The S-300 issue: can Iran be trusted?
Baku, Azerbaijan, April 17
By Elmira Tariverdiyeva - Trend:
The issue of trust is an eternal issue, but the issue of trust in Iran is also a difficult one.
Russian President Vladimir Putin has lifted a ban on the sale of S-300 anti-aircraft missile systems to Iran. This will allow Tehran to finally get one of the most advanced systems in the world to shoot down the high-altitude aircraft and cruise missiles.
Russia and Iran signed an agreement for the supply of S-300 systems in 2007. However, the deal was postponed in 2010 after the UN Security Council adopted tough sanctions against Iran.
In this case, the refusal from selling S-300 was Moscow's gesture of goodwill as in fact, the sanctions have not covered these complexes because they are considered as defensive systems, rather than heavy weapons.
President Putin explained his recent decision by the fact that Iran has become so flexible and compliant in its nuclear program, that the sale of the promised defensive systems must not be of concern.
And everything would've been fine, except there's a catch. The S-300 system is one of the most successful military developments of the Russian defense industry, which has not only powerful missiles, but also highly effective radars.
S-300 can track up to 100 targets simultaneously and also destroy them at a distance of up to 130 kilometers. This means that the highly mobile system, which is assembled within minutes and transported by trucks, will create enormous problems for the entire world community if Iran decides to continue developing its nuclear program.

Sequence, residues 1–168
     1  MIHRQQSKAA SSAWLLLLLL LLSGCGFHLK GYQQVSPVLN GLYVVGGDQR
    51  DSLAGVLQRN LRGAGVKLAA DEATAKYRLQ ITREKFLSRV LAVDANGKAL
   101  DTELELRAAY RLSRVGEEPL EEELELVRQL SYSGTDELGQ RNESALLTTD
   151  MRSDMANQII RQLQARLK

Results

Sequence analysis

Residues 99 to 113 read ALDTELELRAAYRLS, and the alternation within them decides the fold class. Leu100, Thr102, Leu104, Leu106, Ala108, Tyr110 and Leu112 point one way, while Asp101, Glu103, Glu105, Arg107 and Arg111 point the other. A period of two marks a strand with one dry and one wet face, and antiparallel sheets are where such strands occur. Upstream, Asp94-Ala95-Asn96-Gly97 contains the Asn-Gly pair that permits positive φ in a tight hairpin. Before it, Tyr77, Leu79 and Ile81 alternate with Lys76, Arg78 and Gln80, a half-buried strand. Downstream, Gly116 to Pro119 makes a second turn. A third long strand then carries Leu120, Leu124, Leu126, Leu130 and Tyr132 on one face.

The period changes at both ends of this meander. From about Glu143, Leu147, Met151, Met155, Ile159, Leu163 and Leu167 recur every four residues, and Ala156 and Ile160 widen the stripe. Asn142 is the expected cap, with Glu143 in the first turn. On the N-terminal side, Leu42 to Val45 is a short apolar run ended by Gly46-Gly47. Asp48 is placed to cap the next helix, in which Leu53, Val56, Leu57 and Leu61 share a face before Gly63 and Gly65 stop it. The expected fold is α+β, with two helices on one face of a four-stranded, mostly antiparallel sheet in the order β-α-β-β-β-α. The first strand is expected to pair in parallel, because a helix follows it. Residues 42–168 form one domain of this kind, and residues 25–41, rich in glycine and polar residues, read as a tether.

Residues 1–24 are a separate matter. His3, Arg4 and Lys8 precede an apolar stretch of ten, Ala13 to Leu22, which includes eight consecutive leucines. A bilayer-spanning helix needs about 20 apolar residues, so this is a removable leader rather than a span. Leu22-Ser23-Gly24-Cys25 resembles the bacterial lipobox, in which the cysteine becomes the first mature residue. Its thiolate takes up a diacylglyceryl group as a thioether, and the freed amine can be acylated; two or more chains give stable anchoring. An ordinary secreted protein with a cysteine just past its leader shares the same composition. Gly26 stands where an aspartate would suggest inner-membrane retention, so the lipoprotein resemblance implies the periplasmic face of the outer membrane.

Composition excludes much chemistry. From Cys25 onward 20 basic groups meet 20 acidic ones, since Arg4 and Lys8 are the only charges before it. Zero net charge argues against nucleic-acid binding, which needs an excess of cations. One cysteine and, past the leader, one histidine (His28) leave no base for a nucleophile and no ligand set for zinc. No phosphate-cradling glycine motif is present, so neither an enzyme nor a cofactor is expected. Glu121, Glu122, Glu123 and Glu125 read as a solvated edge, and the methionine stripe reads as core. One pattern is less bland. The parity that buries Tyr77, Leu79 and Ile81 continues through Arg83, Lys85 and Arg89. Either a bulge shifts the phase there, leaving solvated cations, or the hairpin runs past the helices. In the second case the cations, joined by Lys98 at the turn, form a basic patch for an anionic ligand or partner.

To do this, Tehran just has to place S-300 systems around its nuclear facilities. Defensive complexes will transform Iranian territories into practically no-fly zones.
The US and NATO aircraft, F-16 or F/A-18 Hornet will be shot down at the first attempt to attack and the US has too small number of B-2 Spirit and F-22 Raptor stealth bombers (only several tens of machines) that can safely operate in the areas defended by S-300.
The S-300 is sold against the backdrop of the next report of the International Atomic Energy Agency saying that during the talks held on Apr.15 in Tehran, Iran and P5+1 (US, UK, France, Russia, China plus Germany) again failed to resolve two issues on the possible military aspects of Iran's nuclear program, the information about which was supposed to be provided by Iran in August 2014.
Given that for nearly two years Iran has unsuccessfully been trying to convince the West of its nuclear program being secure, it still manages not to comply with the requirements of the IAEA and avoid answering undesirable questions. So draw your own conclusions about the expediency of selling S-300 to Iran...
Edited by SI
Elmira Tariverdiyeva is Trend Agency's staff writer, follow her on Twitter @EmmaTariver